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Former US Ambassador Samantha Power writing a memoir

Associated Press logo Associated Press 4/25/2017 By HILLEL ITALIE, AP National Writer
FILE - In this Monday, Dec. 19, 2016, file photo, United States Ambassador to the United Nations Samantha Power speaks to reporters after a Security Council meeting at U.N. headquarters. Power is writing a memoir about her transition from Pulitzer Prize-winning critic of foreign policy to a leading government official. Dey Street Books, an imprint of HarperCollins Publishing, told The Associated Press on Tuesday, April 25, 2017, that it had acquired Power’s “The Education of an Idealist.” (AP Photo/Seth Wenig, File) © The Associated Press FILE - In this Monday, Dec. 19, 2016, file photo, United States Ambassador to the United Nations Samantha Power speaks to reporters after a Security Council meeting at U.N. headquarters. Power is writing a memoir about her transition from Pulitzer Prize-winning critic of foreign policy to a leading government official. Dey Street Books, an imprint of HarperCollins Publishing, told The Associated Press on Tuesday, April 25, 2017, that it had acquired Power’s “The Education of an Idealist.” (AP Photo/Seth Wenig, File)

NEW YORK (AP) — Former U.S. Ambassador Samantha Power is writing a memoir about her transition from writing a Pulitzer Prize-winning condemnation of foreign policy to becoming a leading public advocate for the government.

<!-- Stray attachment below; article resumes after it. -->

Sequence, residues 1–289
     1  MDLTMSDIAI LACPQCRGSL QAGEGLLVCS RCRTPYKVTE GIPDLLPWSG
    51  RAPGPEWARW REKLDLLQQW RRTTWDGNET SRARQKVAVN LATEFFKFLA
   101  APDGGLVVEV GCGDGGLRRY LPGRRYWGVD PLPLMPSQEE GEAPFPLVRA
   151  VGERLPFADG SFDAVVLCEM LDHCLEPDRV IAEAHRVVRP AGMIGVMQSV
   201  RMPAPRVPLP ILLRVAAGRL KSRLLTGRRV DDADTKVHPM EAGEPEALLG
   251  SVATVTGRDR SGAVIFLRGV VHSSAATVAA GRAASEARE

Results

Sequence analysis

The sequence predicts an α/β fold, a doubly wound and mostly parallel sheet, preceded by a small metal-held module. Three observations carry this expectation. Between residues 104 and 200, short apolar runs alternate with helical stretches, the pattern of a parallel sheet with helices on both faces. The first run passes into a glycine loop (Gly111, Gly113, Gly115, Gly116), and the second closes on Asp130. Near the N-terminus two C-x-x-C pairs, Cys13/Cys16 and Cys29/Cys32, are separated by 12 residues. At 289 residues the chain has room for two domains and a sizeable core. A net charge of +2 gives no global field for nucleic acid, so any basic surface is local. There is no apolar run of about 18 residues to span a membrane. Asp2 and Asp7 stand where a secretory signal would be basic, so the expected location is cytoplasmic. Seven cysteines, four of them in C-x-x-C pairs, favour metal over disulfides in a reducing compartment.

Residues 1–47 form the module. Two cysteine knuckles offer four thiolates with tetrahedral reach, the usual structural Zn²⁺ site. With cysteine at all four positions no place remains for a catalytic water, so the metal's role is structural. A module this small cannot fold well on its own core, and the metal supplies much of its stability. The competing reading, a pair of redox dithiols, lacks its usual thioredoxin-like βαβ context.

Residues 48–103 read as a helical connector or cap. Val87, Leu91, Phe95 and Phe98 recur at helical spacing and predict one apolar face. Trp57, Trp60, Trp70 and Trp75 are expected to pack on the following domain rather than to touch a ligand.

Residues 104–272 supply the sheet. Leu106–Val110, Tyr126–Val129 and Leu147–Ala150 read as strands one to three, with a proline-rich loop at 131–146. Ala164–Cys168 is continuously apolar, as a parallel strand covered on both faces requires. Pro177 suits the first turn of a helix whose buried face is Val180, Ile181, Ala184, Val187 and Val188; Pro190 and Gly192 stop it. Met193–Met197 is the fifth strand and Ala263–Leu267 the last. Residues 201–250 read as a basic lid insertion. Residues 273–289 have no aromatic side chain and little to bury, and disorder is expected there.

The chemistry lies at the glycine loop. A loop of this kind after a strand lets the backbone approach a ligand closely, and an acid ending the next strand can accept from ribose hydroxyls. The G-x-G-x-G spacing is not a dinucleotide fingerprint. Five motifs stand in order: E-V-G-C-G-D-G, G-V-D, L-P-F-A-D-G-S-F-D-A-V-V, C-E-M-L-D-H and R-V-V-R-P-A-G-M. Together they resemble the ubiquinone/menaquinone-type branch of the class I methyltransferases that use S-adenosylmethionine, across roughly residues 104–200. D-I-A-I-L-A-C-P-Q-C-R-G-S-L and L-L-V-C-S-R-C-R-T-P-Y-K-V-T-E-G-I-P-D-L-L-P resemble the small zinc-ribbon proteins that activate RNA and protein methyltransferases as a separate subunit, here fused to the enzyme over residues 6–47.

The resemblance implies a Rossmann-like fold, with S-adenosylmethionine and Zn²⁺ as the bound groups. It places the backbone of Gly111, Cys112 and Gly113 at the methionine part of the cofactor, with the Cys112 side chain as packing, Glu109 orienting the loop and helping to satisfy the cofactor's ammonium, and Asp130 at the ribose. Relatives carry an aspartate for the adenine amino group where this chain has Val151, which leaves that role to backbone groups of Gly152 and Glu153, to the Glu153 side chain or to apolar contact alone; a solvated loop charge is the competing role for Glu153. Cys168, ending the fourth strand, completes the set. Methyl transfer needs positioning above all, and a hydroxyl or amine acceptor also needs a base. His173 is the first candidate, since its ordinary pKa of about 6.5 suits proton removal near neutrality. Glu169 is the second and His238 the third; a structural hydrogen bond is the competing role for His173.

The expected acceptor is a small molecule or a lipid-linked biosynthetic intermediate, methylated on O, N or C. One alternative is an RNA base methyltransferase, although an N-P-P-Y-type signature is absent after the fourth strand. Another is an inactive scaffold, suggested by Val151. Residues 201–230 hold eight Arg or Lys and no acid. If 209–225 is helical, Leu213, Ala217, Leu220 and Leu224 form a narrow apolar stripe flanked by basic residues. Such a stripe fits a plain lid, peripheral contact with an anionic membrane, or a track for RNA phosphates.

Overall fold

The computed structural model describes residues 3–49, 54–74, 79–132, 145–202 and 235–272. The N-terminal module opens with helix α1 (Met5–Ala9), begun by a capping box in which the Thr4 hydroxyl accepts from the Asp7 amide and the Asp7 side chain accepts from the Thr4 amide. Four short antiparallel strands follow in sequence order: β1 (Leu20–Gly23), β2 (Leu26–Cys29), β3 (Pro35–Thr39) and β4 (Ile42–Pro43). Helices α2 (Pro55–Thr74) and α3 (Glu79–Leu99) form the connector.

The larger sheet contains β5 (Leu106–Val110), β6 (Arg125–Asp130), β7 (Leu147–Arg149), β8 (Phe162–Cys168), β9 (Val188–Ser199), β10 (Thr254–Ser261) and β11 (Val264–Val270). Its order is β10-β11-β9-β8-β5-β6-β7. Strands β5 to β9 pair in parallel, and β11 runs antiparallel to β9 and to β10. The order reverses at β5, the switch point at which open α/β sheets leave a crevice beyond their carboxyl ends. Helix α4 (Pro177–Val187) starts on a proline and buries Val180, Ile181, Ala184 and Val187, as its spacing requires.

Dey Street Books, an imprint of HarperCollins Publishing, told The Associated Press on Tuesday that it had acquired Power's "The Education of an Idealist." A release date has not yet been determined.

Before serving in the Obama administration, Power was known for the 2003 book, "A Problem from Hell," a Pulitzer winner that had condemned the United States for failing to prevent human rights abuses in Bosnia, Rwanda and other parts of the world. In her new work, she will write about her efforts to live up to her own ideals as the country's United Nations representative from 2013-2017 and a national security and human rights official during President Barack Obama's first term, 2009-2013.

"Making the transition from critic of U.S. foreign policy to U.S. government official was not easy, but public service proved the most gratifying experience of my life," Power, now a professor at Harvard Law School and Harvard Kennedy School, said in a statement. "I am looking forward to stepping back to explore the highs and lows, and to share ideas for how, even in troubled times, we can each do our part to shape a more humane future."

A former journalist for U.S. News & World Report and other publications, Power was an Obama adviser during the 2008 campaign who made news for calling Obama's leading primary opponent, Hillary Clinton, a "monster." The two soon became colleagues. Clinton would become secretary of state under Obama and she and Power would support intervention in Libya, while as UN ambassador Power clashed with Russia over its military actions in Syria and Ukraine. But she and the Obama administration were criticized for not calling the Turkish slaughter of Armenians a century ago an act of genocide, which Turkey has refused to acknowledge. On Monday, Power apologized in a pair of tweets.

"Almost every Armenian-American family was touched in some way by the genocide. Ongoing Turkish denial makes the genocide an open wound," she wrote. "I am very sorry that, during our time in office, we in the Obama administration did not recognize the #Armenian Genocide."

Power is the latest Obama official to reach a book deal since the administration ended in January. Others workings on memoirs include Barack and Michelle Obama; former Vice President Joe Biden and his wife, Jill Biden; and former Secretary of State John Kerry.

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